Re: [xmca] Point of view in writing

From: Kimberly <mik88 who-is-at>
Date: Thu Aug 16 2007 - 09:56:52 PDT

Hi Mike,

I'm a little confused by your response. It almost sounds as if you are
saying a third person approach doesn't have the same "potential pitfalls"
that you mentioned. My understanding is that data collection must be
systematic, thorough, and well-organized no matter what the writing approach
used. Fieldnotes, personal notes, transcriptions, triangulation through
correspondence, public notices, student work/journals, interviews, etc. are
the empirical bases for the interpretation of the data. First person
doesn't necessarily mean just a retrospective account or memoir. I think it
can be just as systematic, rigorous, "objective," and empirically-based as
any third person approach. Writing in first person, however, puts the
inevitable subjectivity of the author up front on the table. I think, too,
the personal voice (at least in education) may help to bridge the gap
between researcher and practitioner.


On 8/16/07 11:36 AM, "Mike Cole" <> wrote:

> Hi Kimberly (and Paul) (and)
> I started this with a new header because the previous notes were carrying
> very long string of prior notes in them. Something to
> do with problems Bruce wrote about yesterday I think.
> If there is disagreement about the disutilities of writing in pseudo third
> person, as if objective, fashion grovelling on our bellies, handcuffed,
> etc, in order to publish someone will have to defend such forms of behavior.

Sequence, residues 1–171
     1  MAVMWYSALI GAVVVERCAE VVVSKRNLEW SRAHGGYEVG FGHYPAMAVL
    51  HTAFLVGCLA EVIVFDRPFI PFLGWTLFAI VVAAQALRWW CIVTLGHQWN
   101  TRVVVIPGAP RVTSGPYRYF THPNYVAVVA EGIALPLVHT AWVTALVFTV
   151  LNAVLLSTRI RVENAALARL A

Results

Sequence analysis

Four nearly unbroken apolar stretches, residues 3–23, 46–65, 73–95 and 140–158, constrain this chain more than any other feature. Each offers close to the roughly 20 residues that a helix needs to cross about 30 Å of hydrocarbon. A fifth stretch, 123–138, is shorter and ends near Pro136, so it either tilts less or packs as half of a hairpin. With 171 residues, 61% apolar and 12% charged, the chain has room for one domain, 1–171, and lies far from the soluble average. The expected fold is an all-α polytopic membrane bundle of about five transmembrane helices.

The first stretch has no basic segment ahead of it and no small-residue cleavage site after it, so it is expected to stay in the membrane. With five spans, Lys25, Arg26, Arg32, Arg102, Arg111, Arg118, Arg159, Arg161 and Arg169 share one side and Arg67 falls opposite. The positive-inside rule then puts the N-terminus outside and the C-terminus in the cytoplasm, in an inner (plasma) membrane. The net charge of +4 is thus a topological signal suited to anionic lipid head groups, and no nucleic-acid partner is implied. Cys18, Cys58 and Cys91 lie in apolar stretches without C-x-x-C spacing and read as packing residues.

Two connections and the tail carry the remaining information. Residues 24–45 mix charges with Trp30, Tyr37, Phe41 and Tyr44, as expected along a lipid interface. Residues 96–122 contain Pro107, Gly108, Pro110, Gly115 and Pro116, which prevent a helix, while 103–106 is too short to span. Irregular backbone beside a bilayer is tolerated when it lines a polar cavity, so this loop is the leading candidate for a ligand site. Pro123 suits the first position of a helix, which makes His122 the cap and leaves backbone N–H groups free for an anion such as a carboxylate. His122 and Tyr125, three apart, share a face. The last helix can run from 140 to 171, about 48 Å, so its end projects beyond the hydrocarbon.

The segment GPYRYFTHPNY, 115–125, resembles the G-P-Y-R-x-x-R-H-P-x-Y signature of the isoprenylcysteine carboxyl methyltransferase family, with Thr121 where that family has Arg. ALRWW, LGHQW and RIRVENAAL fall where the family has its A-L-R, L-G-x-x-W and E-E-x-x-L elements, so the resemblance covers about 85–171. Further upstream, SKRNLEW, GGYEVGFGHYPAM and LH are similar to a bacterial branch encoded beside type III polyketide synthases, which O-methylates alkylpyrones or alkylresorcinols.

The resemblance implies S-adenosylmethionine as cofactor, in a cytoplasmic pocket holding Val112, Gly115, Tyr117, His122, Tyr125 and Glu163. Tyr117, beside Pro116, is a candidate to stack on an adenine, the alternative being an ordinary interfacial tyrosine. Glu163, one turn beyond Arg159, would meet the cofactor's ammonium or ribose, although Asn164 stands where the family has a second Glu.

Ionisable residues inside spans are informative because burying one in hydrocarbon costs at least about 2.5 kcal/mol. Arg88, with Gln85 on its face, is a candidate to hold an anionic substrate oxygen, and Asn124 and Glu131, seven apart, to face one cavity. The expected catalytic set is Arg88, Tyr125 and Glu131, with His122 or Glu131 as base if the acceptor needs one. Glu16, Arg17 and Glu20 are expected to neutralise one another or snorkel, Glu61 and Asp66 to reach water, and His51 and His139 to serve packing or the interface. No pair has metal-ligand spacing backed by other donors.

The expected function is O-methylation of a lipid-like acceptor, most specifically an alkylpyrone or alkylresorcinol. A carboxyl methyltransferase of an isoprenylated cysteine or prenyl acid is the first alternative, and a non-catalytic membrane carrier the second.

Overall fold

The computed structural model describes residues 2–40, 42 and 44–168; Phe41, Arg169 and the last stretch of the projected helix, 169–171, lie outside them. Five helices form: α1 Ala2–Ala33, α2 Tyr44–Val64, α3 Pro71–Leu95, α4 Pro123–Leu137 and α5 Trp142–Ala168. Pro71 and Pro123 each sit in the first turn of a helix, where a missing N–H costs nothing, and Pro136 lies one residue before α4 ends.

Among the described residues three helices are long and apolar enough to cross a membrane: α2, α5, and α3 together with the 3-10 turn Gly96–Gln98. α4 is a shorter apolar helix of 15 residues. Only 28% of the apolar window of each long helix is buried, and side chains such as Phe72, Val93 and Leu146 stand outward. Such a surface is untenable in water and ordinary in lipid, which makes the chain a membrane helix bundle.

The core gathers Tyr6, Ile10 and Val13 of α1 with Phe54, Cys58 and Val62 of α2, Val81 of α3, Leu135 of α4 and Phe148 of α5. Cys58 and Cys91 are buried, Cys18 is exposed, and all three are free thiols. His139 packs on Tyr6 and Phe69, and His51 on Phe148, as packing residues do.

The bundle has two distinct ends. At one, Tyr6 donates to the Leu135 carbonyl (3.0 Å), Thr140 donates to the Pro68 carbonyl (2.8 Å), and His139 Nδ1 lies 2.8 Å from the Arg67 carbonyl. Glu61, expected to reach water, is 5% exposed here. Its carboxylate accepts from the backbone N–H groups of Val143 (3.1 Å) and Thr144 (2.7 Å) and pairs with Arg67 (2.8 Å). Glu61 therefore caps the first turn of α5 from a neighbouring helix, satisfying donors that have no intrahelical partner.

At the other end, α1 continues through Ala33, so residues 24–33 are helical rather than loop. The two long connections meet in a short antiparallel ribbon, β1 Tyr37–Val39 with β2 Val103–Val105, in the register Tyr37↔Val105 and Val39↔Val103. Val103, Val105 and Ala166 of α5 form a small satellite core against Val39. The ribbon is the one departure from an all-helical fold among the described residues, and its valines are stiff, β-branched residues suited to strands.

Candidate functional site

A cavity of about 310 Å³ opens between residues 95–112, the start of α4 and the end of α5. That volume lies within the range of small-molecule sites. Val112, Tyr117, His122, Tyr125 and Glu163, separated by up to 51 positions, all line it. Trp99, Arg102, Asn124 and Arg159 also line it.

> My own view is the the method of explication should fit the subject matter
> being discussed. You can get a feel for how I mix the two genres
> in Cultural Psychology.
> In so far as I am using method of long term participant observation, which
> is one approach I use to some of the topics I work on, I find that a
> potential pitfall of the first person approach arises if one fails to create
> systematic fieldnotes of one's activities, interpretations, guesses about
> what going on, etc. from the beginning of the research up to the point where
> one is writing the account. This hit me most forcefully when
> trying to account for three years of work creating and trying to sustain
> afterschool activities at four sites here near UCSD. At the end of the
> period I wrote up an account of what I thought had occurred. I believed it.
> Then I listened to audiotapes of discussions I had had with key
> players three years earlier during which we planned what we would be doing
> and what we thought had to be done to make the work
> successful. I was stunned in listening to the tapes, to learn how much my
> retrospective account had selectively forgotten lots of events,
> lots of pointers (had I been able to interpret them properly) to upcomping
> problems and changes.
> So, when using first person approaches, its nice to have lots of bits of
> "objectified" materials, including one's own fieldnotes and notes
> to colleagues (email is great in this respect) as a materialized record of
> what you USED to think, or what you USED to believe was important, etc.
> And, in addition, including information that does not arise from sources you
> helped to create is also useful as a way of triangulating and
> being self critical.
> mike
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Received on Thu Aug 16 09:59 PDT 2007

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